crew and I left for Japan the first time from Norfolk, Virginia on November 24, 1852. We
traveled through many cities and countries including Madeira, St. Helena, Capetown, Sri

Lanka, and Singapore. Finally, on July 8th, 1853 we arrived on the shore of Edo Bay.

       Another reason why we used steam ships was because of Shimoda Harbor, in

Japan, was a safe distance from Edo bay. Another reason was because this harbor was

deep enough for large ships to enter. All of this was excellent for my crew and me for our

arrival in Japan.

       I was highly clever as a delegate and succeeded in negotiating the treaty of

“Friendship and Amity” also called the Kanagawa Treaty. By signing this treaty the

Japanese agreed to open the ports of Shimoda and Hakodate to American ships. This

treaty promised to provide supplies to American vessels. The Japanese also agreed to

treat shipwrecked sailors well. The last, but not the least, agreement was to establish an

American consulate in Shimoda and to exchange officials between the United States and

Japan. The Kanagwa treaty was signed on March 31, 1854. This was an important

milestone in the relationship of the two countries. The festivities were a blast!

       I am so glad that we successfully completed our expedition in Japan.

                                                      -Commodore Matthew Perry

Dear Journal,

       We presented the Japanese with gifts today, including a miniature railroad, a

telegraph apparatus, modern fire-fighting equipment, various agricultural tools, books

and many other useful gifts. The Japanese presented us with a sumo wrestling match, 36

pieces of fine silk, four boxes of seashells, 35 bundles of oak charcoal, and many other

valuable objects.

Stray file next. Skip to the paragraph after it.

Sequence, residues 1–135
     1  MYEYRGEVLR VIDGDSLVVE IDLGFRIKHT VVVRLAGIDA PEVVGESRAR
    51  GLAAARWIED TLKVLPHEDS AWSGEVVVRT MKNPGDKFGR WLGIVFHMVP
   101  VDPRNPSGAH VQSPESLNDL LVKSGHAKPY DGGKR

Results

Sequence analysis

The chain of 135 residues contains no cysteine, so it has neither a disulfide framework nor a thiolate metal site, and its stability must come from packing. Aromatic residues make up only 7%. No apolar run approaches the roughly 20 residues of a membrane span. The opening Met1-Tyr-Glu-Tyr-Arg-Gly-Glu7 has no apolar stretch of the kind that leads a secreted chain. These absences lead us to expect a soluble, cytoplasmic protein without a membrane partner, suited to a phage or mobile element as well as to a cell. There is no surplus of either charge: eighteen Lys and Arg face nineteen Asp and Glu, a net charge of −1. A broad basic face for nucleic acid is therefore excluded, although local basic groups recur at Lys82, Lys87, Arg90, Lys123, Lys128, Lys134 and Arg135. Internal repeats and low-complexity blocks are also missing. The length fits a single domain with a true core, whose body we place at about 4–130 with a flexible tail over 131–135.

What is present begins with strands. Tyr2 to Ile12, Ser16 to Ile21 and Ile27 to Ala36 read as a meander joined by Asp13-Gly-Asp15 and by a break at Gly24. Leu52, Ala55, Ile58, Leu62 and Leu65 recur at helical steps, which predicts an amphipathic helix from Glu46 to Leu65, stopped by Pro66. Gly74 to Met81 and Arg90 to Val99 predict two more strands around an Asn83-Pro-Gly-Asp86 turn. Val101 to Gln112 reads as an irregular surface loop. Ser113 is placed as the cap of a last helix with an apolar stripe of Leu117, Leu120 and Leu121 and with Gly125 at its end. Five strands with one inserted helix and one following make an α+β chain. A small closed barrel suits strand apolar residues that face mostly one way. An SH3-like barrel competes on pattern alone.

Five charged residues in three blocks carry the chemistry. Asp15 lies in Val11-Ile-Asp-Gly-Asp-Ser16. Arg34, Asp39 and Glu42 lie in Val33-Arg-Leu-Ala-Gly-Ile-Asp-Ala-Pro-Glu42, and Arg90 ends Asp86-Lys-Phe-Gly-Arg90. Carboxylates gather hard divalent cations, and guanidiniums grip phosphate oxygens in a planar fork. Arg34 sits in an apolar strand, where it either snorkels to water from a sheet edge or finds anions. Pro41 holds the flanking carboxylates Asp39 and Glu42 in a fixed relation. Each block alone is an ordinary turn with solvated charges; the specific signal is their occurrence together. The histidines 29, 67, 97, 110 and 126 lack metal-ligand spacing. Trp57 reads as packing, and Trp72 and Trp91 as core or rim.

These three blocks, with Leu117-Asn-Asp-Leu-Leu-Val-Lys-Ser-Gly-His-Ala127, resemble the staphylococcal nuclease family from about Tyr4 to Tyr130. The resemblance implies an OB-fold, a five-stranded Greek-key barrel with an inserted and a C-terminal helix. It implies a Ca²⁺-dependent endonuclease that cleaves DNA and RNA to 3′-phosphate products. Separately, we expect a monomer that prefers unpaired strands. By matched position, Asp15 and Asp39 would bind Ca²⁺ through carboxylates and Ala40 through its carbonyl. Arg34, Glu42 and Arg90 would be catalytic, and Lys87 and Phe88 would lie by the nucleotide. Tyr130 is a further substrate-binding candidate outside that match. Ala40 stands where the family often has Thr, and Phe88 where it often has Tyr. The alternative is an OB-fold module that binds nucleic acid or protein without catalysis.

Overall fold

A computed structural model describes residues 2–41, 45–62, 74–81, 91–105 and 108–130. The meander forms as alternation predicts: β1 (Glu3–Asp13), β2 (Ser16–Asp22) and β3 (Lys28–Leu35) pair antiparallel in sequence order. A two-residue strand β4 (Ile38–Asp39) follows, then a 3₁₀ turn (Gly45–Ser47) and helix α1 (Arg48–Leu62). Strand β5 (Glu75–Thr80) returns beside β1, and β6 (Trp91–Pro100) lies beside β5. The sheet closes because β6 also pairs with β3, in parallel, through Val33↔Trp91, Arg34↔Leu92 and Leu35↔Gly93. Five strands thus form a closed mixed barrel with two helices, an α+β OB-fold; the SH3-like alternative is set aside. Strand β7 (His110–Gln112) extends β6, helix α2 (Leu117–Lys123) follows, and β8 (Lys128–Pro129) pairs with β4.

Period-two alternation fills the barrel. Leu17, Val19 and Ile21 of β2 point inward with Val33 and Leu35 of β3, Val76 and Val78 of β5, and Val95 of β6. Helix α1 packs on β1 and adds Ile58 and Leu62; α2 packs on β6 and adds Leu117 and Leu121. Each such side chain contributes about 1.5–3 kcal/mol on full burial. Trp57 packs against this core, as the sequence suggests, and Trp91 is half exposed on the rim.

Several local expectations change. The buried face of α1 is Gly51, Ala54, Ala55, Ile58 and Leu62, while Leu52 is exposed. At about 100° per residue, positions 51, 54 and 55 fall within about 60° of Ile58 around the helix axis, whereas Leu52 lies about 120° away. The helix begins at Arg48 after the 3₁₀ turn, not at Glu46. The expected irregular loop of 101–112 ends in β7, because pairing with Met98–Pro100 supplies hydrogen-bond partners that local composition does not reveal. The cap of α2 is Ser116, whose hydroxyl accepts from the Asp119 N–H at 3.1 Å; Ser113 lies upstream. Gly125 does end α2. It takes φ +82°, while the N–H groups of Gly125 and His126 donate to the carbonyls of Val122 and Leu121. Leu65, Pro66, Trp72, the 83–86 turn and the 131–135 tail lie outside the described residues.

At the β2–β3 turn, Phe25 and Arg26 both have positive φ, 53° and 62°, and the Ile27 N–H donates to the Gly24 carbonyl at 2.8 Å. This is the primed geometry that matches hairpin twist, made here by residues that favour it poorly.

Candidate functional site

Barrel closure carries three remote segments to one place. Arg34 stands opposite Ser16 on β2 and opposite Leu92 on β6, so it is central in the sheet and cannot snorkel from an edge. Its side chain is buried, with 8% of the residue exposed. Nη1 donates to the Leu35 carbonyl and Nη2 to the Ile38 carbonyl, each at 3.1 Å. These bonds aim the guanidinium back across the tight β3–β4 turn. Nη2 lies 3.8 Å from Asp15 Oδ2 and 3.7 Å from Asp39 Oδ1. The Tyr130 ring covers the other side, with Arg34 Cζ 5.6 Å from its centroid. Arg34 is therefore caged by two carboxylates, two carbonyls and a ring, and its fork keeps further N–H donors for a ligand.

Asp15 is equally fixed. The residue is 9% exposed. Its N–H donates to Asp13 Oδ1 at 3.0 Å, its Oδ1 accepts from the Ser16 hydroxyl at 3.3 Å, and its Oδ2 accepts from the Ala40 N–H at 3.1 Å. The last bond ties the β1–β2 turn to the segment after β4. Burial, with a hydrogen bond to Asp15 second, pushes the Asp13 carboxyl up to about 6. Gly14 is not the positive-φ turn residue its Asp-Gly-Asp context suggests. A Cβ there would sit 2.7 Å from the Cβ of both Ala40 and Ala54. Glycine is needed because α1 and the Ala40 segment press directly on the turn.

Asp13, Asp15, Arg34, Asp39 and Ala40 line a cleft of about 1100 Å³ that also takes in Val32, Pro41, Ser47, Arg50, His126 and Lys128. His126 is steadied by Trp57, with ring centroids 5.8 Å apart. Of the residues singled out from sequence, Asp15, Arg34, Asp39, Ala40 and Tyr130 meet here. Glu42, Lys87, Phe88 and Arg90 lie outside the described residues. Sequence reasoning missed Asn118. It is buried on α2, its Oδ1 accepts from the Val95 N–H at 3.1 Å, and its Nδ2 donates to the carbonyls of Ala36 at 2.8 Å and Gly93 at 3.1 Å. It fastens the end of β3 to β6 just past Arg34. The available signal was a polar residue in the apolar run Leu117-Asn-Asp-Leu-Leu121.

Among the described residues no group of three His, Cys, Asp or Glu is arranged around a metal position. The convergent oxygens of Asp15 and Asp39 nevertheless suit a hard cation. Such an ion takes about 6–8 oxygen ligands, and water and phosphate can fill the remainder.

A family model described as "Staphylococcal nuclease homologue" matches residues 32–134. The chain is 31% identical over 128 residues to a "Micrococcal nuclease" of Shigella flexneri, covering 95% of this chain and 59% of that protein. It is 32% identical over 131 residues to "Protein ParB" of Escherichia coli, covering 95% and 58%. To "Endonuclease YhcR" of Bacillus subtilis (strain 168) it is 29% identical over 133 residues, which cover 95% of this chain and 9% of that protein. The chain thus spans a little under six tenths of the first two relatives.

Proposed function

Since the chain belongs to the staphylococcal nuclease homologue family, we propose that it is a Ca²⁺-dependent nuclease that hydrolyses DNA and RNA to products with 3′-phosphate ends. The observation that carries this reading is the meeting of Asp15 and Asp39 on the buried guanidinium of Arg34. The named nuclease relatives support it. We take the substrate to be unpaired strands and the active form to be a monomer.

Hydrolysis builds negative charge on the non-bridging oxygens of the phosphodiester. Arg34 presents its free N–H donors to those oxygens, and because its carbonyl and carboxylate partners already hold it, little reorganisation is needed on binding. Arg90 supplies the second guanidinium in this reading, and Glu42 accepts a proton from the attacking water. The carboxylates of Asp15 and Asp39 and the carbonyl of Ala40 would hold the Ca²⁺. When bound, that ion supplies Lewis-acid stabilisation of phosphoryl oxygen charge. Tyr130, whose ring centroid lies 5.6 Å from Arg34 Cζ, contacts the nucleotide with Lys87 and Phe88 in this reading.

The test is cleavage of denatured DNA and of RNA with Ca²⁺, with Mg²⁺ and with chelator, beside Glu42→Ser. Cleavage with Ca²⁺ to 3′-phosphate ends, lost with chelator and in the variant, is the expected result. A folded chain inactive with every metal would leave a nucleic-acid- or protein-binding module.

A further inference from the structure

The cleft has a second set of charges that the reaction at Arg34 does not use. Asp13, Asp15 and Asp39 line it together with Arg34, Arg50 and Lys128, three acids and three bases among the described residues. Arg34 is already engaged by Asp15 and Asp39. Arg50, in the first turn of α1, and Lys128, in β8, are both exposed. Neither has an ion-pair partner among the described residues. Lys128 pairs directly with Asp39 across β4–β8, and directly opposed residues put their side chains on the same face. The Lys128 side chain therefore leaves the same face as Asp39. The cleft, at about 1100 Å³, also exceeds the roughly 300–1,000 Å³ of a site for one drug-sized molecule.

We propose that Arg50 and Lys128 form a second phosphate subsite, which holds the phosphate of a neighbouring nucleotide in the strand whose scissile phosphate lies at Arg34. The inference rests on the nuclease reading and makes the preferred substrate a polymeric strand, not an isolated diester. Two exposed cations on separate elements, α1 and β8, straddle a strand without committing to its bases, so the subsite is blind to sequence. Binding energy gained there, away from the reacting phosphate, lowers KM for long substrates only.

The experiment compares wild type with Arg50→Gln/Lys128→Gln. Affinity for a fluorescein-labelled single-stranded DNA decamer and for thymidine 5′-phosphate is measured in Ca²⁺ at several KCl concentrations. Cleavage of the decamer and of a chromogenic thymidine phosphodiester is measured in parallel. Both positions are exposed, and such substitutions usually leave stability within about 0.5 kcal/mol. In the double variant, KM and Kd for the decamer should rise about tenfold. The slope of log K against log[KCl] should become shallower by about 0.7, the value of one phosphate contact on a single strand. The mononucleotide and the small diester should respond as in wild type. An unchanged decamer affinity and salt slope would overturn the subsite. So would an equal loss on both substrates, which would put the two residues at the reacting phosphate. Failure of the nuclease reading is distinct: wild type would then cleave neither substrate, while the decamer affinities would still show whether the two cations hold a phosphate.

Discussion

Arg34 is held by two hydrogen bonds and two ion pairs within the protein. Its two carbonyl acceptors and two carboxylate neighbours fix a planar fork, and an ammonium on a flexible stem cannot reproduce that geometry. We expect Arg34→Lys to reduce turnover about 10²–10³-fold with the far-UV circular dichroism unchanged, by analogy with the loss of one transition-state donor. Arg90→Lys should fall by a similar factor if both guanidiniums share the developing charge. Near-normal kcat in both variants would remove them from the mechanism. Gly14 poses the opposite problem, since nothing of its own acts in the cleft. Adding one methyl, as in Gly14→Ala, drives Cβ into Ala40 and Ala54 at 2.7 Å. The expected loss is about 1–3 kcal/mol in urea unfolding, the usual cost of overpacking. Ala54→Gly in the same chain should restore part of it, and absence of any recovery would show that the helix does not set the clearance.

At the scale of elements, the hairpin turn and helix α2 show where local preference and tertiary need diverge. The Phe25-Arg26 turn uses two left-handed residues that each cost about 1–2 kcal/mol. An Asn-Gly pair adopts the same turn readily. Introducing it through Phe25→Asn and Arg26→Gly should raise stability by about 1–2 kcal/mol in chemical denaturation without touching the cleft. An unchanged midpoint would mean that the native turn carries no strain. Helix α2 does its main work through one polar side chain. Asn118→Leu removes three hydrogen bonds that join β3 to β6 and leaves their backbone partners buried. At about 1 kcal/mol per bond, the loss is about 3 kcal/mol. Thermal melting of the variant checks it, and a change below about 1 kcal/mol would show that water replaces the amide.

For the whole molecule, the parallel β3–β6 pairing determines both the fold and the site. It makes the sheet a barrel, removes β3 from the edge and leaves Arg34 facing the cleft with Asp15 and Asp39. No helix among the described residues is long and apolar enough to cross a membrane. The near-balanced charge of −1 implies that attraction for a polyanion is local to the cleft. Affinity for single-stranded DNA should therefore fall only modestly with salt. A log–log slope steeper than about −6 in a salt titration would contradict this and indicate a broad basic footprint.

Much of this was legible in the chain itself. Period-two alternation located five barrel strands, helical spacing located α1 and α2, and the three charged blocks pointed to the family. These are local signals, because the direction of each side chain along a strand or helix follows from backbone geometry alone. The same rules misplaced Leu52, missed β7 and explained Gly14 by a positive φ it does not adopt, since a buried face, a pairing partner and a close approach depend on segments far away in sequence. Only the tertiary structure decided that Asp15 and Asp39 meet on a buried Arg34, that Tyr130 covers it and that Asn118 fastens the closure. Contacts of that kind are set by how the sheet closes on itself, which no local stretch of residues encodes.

After all the exchanges of gifts the captain, whose was named Henry Adams, sped

home with the signed treaty. Us Americans wanted Japan as soon as possible to provide a

safe place for United State’s sailors from fleets who became ship wrecked near Japan’s

shores. We also wanted Japan to allow American steamships to be supplied with coal and

water in Japanese ports.

       During the expedition to Japan a Japanese artist drew many pictures of the Black

Ship included in the Black Ship Scrolls. These paintings were passed from town to town

in Japan and the curiosity about the American quickly spread. These paintings began a

pleasant period in the first American encounter with Japan. During our stay, we were

invited to join the Japanese in their daily activities, for example, participating in the local

tradition of making sticky rice cakes.

       I did not allow officers and other men to send home journals, notes, drawings, or

specimens from the voyage without printing it in newspapers. At least some of my crew

obeyed my order, so most of the information known about my expedition comes from my

own personal journal.

       There were many gifts exchanged by the Americans and the Japanese and because

of this expedition the two countries have expanded their relationship. I am very pleased

that our mission was accomplished.

                                                       -Commodore Matthew Perry